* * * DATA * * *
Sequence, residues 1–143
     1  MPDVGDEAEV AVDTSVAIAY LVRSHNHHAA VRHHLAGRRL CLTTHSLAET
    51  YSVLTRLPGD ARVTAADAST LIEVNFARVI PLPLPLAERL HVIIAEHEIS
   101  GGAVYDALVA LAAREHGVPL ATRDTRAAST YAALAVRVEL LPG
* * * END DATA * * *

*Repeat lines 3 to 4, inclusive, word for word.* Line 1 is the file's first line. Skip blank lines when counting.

    51  YSVLTRLPGD ARVTAADAST LIEVNFARVI PLPLPLAERL HVIIAEHEIS
   101  GGAVYDALVA LAAREHGVPL ATRDTRAAST YAALAVRVEL LPG